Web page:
The Sgwd Henrhyd Waterfall, Powys, Wales

The Sgwd Henrhyd Waterfall in Wales is the tallest waterfall in Southern Wales with a 90ft drop (27 metres). It is located in Powys, Wales and its water course is the Nant Llech. The water falls over a hard sandstone like rock, known as the Farewell Rock. It is on the National Trust land on the southern edge of Brecon Beacons National Park. It is a very popular place and was used in the Batman film, The Dark Knight Rises as the final scene where it was the entrance of the Batcave in 2012. It is known for its beautiful pictures too.

Stonehenge, Salisbury, England

Stonehenge is a very famous stone circle with colossal blocks of rock in an arrangement. The main question people ask is how did it get there, and why is it there. Many of the giant stones have been buried into giant trenches, which were dug by men in AD452. It is located near Salisbury.

The stones, which are over 4500 years old, were taken from a town in Wales called Maenclochog. Archaeologists believe that it was constructed around 3000BC to 2000BC and could have been a burial ground.

According to the Horrible Histories Savage Stone Age books, it was built around 2500BC, but nobody will ever know and that is one of the reasons why I chose Stonehenge as one of my wonders. Also the book says that it was a place where the dead and the living could meet up, and that they held services for the dead, a bit like a church. But Stonehenge was never finished!

Scientists have discovered that it could be a good amplifier for bands, as the sound would echo round the rocks and make the music louder. Did the Stone Age people play gigs in their era?

During the summer solstice, (an event that occurs every year) there is a festival held in Stonehenge, where you can actually touch the rocks. The summer solstice is once a year, it is a day where the sun is shining the longest.

Fun Facts:

Stonehenge was close to being destroyed in an air crash

It was an army camp 1914

An archaeologist found a bottle of stone age port wine underneath a stone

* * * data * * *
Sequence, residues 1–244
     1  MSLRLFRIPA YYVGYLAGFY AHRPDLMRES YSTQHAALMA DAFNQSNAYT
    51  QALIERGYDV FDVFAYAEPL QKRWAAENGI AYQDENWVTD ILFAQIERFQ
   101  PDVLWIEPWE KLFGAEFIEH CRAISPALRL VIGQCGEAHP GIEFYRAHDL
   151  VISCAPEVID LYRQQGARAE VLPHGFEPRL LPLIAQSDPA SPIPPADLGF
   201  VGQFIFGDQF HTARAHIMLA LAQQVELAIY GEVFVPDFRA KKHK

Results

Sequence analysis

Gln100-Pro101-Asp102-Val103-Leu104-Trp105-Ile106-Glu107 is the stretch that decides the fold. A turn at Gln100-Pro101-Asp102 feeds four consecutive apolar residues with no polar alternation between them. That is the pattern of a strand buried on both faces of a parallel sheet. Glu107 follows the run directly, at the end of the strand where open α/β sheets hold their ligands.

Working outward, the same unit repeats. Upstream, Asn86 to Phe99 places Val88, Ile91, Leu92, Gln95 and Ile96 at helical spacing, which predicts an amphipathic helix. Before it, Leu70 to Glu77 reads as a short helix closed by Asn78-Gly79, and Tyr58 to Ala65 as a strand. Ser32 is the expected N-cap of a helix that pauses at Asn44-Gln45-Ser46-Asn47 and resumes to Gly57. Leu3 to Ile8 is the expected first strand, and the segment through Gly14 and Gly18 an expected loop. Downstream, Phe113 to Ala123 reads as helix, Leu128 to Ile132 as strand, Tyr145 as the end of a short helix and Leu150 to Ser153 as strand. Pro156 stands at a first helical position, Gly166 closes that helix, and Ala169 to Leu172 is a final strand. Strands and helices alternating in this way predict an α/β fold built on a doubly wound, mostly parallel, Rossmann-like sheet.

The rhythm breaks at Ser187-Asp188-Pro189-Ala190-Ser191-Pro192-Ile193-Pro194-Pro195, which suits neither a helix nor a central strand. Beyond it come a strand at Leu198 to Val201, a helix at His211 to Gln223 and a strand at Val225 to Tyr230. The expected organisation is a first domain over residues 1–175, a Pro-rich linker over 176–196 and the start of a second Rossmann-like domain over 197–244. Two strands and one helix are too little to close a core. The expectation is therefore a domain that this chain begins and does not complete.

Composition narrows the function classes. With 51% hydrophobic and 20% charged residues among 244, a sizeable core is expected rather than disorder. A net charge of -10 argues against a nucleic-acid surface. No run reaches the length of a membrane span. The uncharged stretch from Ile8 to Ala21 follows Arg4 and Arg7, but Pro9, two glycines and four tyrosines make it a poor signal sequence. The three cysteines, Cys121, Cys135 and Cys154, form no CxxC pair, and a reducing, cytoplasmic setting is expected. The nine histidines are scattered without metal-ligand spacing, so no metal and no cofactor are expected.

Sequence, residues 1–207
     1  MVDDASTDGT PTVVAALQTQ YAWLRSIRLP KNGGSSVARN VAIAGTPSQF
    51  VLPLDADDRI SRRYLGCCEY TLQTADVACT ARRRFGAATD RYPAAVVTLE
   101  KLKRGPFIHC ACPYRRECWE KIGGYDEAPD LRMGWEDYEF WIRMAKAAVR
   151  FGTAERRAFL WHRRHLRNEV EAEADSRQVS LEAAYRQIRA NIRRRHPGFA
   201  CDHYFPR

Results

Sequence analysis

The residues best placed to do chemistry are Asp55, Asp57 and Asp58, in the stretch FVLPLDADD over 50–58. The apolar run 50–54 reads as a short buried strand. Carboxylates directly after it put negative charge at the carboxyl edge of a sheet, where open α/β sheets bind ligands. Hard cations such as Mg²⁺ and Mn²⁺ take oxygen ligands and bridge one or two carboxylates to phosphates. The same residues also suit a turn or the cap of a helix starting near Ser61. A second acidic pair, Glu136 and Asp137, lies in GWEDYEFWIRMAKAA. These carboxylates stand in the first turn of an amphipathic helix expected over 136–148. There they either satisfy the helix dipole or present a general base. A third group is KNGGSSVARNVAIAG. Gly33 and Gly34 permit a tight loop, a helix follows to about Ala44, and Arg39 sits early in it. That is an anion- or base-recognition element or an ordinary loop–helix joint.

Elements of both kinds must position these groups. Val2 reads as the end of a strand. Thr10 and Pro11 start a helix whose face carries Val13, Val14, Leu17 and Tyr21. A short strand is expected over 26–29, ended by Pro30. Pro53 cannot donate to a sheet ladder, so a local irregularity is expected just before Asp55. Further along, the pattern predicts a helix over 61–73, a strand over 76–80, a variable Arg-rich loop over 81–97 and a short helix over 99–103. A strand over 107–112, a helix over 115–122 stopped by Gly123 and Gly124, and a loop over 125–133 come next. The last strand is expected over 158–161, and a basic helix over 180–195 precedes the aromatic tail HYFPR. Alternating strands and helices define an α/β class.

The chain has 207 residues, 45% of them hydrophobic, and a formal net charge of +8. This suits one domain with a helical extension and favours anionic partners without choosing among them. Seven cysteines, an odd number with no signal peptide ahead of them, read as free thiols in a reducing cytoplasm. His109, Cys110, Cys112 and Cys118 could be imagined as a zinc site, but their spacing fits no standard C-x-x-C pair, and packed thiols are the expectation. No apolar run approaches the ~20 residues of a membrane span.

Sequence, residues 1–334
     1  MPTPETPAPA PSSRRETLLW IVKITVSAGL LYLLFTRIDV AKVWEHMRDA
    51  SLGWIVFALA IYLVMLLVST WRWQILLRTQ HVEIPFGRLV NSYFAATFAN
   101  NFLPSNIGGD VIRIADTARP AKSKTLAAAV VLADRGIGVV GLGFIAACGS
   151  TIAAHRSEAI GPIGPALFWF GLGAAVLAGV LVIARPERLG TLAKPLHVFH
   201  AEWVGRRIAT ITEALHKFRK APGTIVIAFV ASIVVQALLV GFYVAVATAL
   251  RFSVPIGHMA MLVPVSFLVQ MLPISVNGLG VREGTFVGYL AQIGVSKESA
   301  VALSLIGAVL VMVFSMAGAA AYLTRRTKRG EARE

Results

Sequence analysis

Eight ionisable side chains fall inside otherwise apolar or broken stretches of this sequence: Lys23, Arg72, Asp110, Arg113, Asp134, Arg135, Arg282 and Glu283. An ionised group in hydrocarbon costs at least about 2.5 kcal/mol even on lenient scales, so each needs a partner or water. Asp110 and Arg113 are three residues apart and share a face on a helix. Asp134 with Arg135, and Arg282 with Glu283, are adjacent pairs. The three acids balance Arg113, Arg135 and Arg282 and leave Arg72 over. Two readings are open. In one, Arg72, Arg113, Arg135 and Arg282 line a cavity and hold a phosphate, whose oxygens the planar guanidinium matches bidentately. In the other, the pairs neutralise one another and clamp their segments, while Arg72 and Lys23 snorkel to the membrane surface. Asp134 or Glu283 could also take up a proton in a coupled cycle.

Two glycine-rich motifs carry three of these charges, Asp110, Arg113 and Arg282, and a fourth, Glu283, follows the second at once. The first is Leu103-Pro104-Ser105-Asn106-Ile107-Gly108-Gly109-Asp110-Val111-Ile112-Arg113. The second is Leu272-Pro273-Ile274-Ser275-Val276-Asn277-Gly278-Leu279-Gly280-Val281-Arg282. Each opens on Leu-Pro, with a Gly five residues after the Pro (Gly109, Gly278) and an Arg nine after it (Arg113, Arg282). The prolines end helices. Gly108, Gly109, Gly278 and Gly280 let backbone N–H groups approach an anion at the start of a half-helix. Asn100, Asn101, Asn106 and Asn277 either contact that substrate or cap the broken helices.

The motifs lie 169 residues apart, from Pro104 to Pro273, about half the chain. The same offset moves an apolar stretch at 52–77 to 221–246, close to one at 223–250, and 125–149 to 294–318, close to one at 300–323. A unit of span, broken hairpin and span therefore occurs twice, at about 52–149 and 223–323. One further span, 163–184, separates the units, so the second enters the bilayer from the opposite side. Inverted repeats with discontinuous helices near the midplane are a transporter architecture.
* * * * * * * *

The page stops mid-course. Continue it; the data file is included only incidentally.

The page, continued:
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The Mourne Wall, Mourne Mountains, Northern Ireland

The Mourne Wall is a wall made of granite to enclose a reservoir catchment area in the Mourne Mountains (Northern Ireland). It was built between 1904 and 1922. The wall was crafted from natural granite stone using the traditional dry stone walling. On average the wall is about 1.5 metres (4 ft 11) high and 80 to 90 centimetres (2 ft 7 in to 2 ft 11 in) thick. It is 22 miles (35 km) long. It fences off about 36km2 of barren and mountains and is currently owned by Northern Ireland Water.

Cawdor Castle, Cawdor, Scotland

Cawdor Castle is a very famous castle from Macbeth, a Shakespeare play. It is built around a 15th century tower house, with many additions throughout other centuries. It is a luxurious castle with lovely grounds and a grand main building. It was built in the 14th century a long time after Macbeth died.
It was not the 11th century King Macbeth lived, as this castle was built centuries after Macbeth’s time. Thane of Cawdor, who lived in the castle, was called William Calder. Macbeth did not receive the title of Thane of Cawdor.
Macbeth is actually a true story, but it did not occur in the 17th century. Macbeth was born around 1005. He killed King Duncan in 1040 after only 6 years on the throne in a battle. Macbeth spent about 17 years on the throne. In 1054 he was challenged by Siward to return Malcolm III to the throne. In 1057 Malcolm III eventually killed Macbeth and ruled England and Scotland.

Beaulieu Abbey Church, Beaulieu, Hampshire

The Abbey Church of St Mary, Bellus Locus Regis, (translated into The beautiful place of the king) was established in 1203 and disestablished in 1538 is located in Beaulieu. It is a public place to visit by the motor museum. The founder is King John; peopled by 30 monks from Citeaux, France. The King gave his new abbey lots of treats: a rich endowment; numerous manors spread around southern England; 120 cows; 12 bulls and an annual tun of wine. King Henry III was equally as generous as King John, making them very wealthy, though it was far from the richest English Cistercian house.

The buildings (some of them still in amazing shape) are magnificent, showing its importance to Hampshire. The church was a huge structure in early gothic times and influenced by the vast French churches. It had 11 chapels and took more than four decades to finish the structure.